6 minute read  •  Featured, Patient Stories, Mater Prize Home, Mater Lotteries

Gen and Evie’s Story

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When Sierra had her first pregnancy scan and found out that her and her husband, Tim, were expecting twins, she was astounded.

“You could have knocked me over with a feather, I did not see that coming,” said Sierra.

But little did they know, that surprise twins were nothing compared with the shock of going into labour at just 22 weeks and 5 days.

Sierra’s pregnancy was smooth sailing at the beginning, apart from her unrelenting morning sickness, and just as she was settling into the second trimester and starting to feel well again, she learned her twins had twin to twin transfusion syndrome (TTTS).

TTTS is a rare condition that affects approximately 10 per cent of identical twins that share a single placenta and is caused by an imbalance of blood flow from the donor twin to the recipient twin. Left untreated TTTS can cause serious health conditions, including infant loss.

Sierra required fetal laser surgery to treat her TTTS at Mater’s Centre for Maternal Fetal Medicine, when she was 19 weeks pregnant.

“I had two weeks of feeling glorious in my pregnancy before I had the surgery. After the surgery I felt exhausted for weeks,” said Sierra.

Sierra works for Mater Education, training doctors and nurses to use IT systems and loves her job. After recovering from surgery, she went back to work, but only for one week.

“I work at Mater because I can make a difference to the lives of patients,” said Sierra.

Sierra knew that there was a good chance she’d go into labour early having had the fetal laser surgery, and she had hoped to get to 25 weeks.

Her twins had other ideas and she went into labour at 22 weeks and 5 days. She went straight to Mater, where the team did everything they could to keep her babies from being born that early.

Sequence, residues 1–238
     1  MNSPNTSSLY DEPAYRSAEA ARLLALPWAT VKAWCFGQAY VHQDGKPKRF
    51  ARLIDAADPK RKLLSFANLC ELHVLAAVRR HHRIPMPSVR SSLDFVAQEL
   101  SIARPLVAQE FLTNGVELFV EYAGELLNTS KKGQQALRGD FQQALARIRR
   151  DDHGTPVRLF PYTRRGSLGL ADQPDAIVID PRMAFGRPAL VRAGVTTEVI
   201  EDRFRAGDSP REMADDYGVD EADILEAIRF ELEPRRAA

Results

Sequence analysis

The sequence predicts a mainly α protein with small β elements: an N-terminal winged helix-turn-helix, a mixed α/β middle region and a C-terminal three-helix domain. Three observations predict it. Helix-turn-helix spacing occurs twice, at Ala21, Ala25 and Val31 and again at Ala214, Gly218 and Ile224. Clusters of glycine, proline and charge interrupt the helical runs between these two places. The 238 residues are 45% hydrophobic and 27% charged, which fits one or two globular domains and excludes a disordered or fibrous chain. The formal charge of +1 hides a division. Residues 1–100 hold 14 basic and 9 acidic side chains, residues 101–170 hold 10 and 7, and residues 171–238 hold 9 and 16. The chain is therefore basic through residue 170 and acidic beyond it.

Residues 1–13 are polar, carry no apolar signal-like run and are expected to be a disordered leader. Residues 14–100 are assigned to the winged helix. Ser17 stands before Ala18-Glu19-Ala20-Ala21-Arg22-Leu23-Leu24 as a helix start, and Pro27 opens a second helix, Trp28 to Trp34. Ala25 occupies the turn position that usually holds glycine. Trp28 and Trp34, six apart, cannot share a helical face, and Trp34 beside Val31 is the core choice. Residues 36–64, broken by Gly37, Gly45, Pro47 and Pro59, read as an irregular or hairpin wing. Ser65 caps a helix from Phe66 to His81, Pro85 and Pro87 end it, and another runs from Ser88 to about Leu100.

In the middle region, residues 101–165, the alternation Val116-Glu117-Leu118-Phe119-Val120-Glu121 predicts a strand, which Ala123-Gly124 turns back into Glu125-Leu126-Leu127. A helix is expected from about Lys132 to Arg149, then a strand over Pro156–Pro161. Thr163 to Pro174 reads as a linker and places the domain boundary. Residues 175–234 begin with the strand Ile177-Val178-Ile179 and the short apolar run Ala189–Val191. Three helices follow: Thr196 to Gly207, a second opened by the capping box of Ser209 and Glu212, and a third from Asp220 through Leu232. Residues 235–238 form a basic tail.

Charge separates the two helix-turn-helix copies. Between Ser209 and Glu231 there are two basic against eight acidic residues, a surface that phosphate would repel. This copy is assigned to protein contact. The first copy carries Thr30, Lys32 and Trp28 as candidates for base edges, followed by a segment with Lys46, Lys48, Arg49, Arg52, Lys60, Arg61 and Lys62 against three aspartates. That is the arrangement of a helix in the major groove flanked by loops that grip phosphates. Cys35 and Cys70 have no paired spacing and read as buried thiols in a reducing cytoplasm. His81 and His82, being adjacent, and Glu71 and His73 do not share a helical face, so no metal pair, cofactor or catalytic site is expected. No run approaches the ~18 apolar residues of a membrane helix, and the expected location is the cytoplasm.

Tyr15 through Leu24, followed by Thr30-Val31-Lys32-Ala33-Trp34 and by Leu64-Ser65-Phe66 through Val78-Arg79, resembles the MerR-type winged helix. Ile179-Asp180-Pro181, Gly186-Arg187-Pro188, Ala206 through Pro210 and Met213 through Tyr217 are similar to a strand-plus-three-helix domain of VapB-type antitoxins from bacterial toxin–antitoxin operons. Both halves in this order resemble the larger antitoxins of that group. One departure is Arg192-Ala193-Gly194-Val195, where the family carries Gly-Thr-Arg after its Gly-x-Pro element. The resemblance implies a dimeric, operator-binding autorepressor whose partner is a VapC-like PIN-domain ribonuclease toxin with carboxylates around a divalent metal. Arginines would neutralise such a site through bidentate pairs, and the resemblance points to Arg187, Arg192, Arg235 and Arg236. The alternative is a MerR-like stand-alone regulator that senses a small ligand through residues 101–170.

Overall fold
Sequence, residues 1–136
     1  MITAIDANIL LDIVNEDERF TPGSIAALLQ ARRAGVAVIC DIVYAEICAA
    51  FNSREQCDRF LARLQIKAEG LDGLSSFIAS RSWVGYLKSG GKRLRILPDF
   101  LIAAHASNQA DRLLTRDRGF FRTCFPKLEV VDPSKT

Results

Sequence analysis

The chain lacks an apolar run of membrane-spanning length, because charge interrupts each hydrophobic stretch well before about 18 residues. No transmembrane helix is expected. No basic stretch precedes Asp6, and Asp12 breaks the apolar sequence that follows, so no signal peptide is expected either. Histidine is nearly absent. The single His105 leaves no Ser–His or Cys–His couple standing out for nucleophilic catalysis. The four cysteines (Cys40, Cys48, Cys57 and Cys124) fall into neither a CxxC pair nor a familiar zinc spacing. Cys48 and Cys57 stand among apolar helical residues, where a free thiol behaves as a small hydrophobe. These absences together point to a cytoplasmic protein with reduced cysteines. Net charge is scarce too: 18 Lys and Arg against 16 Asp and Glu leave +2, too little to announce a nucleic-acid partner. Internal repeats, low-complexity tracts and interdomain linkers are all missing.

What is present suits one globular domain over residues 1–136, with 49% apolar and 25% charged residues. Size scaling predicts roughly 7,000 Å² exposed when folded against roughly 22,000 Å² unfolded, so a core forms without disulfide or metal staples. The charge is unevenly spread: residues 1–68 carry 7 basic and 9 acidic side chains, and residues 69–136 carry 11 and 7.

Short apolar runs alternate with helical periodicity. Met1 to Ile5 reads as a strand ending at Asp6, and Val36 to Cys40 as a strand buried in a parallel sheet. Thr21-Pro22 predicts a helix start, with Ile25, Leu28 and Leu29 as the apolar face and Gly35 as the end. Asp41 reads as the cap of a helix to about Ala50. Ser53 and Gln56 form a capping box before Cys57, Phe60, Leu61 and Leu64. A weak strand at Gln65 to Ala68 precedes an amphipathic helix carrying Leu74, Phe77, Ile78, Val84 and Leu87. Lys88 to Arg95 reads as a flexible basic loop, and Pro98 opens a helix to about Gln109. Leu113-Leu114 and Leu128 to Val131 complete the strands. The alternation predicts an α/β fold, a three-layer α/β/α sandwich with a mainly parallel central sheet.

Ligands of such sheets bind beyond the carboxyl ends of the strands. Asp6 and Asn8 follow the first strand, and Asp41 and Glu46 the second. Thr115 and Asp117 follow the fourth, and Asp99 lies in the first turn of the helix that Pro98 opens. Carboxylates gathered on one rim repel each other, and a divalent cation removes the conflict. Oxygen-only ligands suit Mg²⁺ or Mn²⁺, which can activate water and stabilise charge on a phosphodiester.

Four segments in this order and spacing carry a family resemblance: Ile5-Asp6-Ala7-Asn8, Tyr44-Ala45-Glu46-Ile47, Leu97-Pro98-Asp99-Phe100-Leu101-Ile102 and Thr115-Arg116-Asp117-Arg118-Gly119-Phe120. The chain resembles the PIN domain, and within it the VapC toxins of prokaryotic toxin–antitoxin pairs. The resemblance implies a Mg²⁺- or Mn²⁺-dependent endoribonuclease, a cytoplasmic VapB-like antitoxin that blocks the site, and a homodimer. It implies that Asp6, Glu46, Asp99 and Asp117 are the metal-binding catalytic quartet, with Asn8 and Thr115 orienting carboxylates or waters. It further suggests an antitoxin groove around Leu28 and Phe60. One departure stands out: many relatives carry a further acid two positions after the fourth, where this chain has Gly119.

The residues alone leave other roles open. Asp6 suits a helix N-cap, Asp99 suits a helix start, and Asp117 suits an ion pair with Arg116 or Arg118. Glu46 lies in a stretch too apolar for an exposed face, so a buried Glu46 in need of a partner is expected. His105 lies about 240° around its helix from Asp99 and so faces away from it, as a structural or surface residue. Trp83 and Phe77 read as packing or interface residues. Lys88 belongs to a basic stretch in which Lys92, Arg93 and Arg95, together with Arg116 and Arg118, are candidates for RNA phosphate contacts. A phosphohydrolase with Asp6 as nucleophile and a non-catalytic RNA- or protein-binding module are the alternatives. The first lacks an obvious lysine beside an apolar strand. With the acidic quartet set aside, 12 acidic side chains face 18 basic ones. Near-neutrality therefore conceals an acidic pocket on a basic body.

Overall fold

“We had discussions with the doctor about how it was too soon, and it’s a VERY hard conversation to have. Then I was sedated, and I stayed in birth suites and managed to hold on. I held on until we got to 23 weeks and one day” Sierra recalled, “the discussions that you have at 22 +5, are different to the discussions you have at 23 + 1. We suddenly had the choice. We had a chance.”

Sierra Quote

“When they were born, they both gave lovely cries. It was the best possible thing we could have expected. It was music to our ears,” Sierra said. “Everybody in the room gave a great sigh of relief.”

Evelyn (Evie) was born first weighing a tiny 526 grams. Evie was whisked away to be cared for by the doctors and nurses in Mater’s Neonatal Critical Care Unit (NCCU). Tim held her tiny hand the whole way up to NCCU.

“Tim tells me that they made him sing ‘happy birthday’ to the girls, up in the NCCU ward, which I think is REALLY cute,” Sierra recalled.

Shortly after Evie was born, Genevieve (Gen), was born, weighing just 470g.

Sierra said she felt bewildered. “When I went into the birth suites on 23 and 1, I had pretty low hopes. You can’t expect to walk out with a baby. And the fact that I did was an absolute miracle. And the fact that I walked out with two, is even more of a miracle.”